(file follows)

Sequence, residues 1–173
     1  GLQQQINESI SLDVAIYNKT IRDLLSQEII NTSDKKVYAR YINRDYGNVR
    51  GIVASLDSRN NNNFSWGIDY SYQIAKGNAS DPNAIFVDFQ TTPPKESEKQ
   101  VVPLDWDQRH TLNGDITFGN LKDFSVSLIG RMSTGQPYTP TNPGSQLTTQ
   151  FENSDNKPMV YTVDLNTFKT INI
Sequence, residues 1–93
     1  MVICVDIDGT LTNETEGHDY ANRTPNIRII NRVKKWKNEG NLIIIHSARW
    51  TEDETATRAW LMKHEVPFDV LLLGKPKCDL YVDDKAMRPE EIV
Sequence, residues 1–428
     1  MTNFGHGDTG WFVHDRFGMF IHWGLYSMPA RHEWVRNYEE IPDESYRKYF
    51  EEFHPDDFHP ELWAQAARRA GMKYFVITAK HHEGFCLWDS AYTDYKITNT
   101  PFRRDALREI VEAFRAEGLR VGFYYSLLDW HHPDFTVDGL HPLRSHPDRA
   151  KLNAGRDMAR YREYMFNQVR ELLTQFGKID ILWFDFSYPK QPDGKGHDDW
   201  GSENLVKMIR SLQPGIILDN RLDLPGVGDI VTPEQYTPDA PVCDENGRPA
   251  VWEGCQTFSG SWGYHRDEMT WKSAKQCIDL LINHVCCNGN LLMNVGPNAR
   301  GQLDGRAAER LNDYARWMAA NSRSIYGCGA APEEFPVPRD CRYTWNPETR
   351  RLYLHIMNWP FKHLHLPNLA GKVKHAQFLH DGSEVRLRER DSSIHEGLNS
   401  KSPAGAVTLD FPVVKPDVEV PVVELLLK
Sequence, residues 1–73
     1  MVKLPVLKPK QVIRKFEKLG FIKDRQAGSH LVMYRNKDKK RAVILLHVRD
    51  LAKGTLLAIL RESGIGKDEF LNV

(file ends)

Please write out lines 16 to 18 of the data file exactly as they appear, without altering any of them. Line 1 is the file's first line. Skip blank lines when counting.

   301  GQLDGRAAER LNDYARWMAA NSRSIYGCGA APEEFPVPRD CRYTWNPETR
   351  RLYLHIMNWP FKHLHLPNLA GKVKHAQFLH DGSEVRLRER DSSIHEGLNS
   401  KSPAGAVTLD FPVVKPDVEV PVVELLLK